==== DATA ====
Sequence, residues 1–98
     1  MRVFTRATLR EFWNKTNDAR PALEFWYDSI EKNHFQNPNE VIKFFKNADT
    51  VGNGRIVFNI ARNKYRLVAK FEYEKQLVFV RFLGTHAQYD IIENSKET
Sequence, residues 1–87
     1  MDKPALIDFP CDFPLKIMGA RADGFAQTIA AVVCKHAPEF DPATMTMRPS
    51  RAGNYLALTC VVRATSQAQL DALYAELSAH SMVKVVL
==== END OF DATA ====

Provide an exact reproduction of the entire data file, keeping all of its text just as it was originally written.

Sequence, residues 1–98
     1  MRVFTRATLR EFWNKTNDAR PALEFWYDSI EKNHFQNPNE VIKFFKNADT
    51  VGNGRIVFNI ARNKYRLVAK FEYEKQLVFV RFLGTHAQYD IIENSKET
Sequence, residues 1–87
     1  MDKPALIDFP CDFPLKIMGA RADGFAQTIA AVVCKHAPEF DPATMTMRPS
    51  RAGNYLALTC VVRATSQAQL DALYAELSAH SMVKVVL